From 1977 onwards Knights was frequently rested up forward to reduce the risk of injuries, but still did enough great work at centre half-back to finish one vote behind Malcolm Blight in the 1978 Brownlow Medal count. He would shrug off the disappointment of finishing runner-up in the Brownlow by starring in the 1978 VFL Grand Final. After being knocked out while playing in defence, Knights was moved forward in the last quarter, where he took a series of fine marks and kicked two goals to help secure Hawthorn's fourth Premiership. During his stellar 1978 season Knights also claimed his second Simpson Medal with a dominant display for Victoria against WA in Perth.
The litany of injuries that Knights had suffered through his career began to catch up with him, and from 1979 to 1981, he played in only 26 out of a possible 66 games. Amid rumours of retirement, Knights rebounded to play impressive football in his final years. In 1983, he booted six goals in the Qualifying Final to guide Hawthorn to a thrilling four-point win against Fitzroy, and was again among the best players on the field as the Hawks crushed Essendon in the Grand Final. Knights reached the 250-game milestone the following season against St Kilda, gathering 23 possessions and kicking two goals, but a knee injury restricted him to just three further games.
In the lead-up to the 1985 VFL season, Knights endured more misfortune when he fell ill during a Reserves match against Essendon at VFL Park on 23 March. He left the ground at three-quarter time and was taken to Fairfield Hospital after the game, suffering from vomiting and shaking. While heat exhaustion had been ruled out, the illness was thought to be a mysterious virus and kept Knights in hospital for several days. Once back into the senior side, Knights showed traces of brilliant form – kicking nine goals against Carlton in Round 10. The Preliminary Final against Footscray would turn out to be his final VFL game. He had just four disposals, and was dropped for the Grand Final, a surprising decision for some people, given his reputation as a performer on the VFL's biggest stage. Yet again, Knights would bounce back from the disappointment to finish his career in a semblance of style, kicking a bag of goals to help Hawthorn defeat Carlton in the reserves Grand Final.
Although Knights enjoyed spectacular success on the field, it was a different story as a senior coach. However, it should also be remembered that he was in charge of teams that were either relatively new and inexperienced (Brisbane), or undergoing restructuring (Hawthorn).
In 1986, the VFL decided to expand and include one team each from Western Australia and Queensland. The Brisbane Bears, based on the Gold Coast in South East Queensland, recruited Knights as their inaugural senior coach, despite his lack of coaching experience. The club won their first game, and although expectations of the new side were low, it was considered a significant achievement that the team was able to avoid finishing last in their first season. Despite this, the Bears' results in 1988 and 1989 failed to improve, with the club suffering regular thrashings. Besides the substandard quality of the training and playing facilities, lack of assistance from the VFL, and squad disharmony, Knights also had limited control over team selection; part way through the 1988 VFL season, he wanted star signing Warwick Capper dropped from the senior team due to poor form, but was overruled by club president Paul Cronin. Knights was sacked as Brisbane Bears senior coach with seven games remaining in the 1989 season and replaced with team psychologist, Paul Feltham. Knights was considered to have been unlucky, as ineffective club management and poor relationships amongst his underperforming players seen as major contributing factors in the club's performance.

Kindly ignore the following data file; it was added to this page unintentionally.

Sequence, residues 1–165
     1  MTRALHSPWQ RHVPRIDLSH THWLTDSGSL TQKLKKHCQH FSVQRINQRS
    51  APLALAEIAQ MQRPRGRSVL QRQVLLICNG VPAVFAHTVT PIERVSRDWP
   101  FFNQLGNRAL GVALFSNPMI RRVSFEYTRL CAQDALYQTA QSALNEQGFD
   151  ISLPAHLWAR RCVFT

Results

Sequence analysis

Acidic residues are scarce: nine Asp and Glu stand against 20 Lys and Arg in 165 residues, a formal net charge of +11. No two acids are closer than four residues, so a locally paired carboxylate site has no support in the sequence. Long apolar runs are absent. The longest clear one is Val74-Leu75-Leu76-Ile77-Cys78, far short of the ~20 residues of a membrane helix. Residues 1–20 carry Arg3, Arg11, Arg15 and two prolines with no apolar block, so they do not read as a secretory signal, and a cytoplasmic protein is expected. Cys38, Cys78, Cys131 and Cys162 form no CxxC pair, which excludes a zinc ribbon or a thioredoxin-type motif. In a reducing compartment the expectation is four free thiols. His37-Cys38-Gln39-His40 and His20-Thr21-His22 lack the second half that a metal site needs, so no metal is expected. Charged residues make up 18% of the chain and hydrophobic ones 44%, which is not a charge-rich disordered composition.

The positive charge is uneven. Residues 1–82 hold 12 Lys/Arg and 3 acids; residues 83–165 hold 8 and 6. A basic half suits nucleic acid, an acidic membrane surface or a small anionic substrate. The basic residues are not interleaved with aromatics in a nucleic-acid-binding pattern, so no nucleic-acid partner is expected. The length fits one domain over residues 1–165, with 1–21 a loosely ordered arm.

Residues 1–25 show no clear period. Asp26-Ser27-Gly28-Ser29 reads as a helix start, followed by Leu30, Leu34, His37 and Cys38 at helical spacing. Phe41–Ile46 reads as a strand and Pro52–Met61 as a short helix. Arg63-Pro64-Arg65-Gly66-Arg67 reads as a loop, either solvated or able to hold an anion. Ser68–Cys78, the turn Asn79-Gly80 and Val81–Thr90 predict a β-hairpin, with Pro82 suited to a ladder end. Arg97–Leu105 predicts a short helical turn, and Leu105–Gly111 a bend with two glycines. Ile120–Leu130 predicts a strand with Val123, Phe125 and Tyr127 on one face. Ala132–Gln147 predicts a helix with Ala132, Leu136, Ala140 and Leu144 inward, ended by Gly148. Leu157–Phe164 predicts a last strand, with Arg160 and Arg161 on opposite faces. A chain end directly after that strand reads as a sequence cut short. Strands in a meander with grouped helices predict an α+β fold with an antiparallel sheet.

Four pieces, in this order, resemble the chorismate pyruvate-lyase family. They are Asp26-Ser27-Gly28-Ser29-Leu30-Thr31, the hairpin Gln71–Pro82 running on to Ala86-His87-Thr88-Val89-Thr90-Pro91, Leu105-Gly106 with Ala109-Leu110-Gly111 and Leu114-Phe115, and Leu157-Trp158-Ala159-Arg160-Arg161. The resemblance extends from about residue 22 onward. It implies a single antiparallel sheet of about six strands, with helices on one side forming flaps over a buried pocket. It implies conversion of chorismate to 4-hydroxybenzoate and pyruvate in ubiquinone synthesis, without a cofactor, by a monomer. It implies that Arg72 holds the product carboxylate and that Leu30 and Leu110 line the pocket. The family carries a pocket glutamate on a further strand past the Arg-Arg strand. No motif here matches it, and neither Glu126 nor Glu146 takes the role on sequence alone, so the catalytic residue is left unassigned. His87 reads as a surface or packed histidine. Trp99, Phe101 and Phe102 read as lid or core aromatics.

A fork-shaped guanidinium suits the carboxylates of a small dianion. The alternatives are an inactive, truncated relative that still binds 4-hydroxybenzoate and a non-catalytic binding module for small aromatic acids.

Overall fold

Kneights then went to do brief coaching stint at Tasmanian club Devonport from 1990 to 1993,
Knights returned to Hawthorn as senior coach for the 1994 AFL season. He managed to lead the team into the finals series, but were knocked out by North Melbourne in the first final. The following year the team finished second last, however, and Knights was again sacked.
In 2009, Knights was appointed senior representative coach of the Victorian Country Football League and held the position until 2016.
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Knights had a son, Benjamin, in 1978 with his first wife Julie. He divorced and remarried Angela, a schoolteacher, and had two daughters, Sarah (born 1993) and Rebecca. In February 2015, Knights publicly revealed that Sarah had been struggling with a mystery illness that left her confined to a wheelchair. Sarah and her mother flew to Germany for specialist treatment, where a diagnosis of Lyme disease was confirmed. They returned to Melbourne later in the year to commence intensive rehabilitation.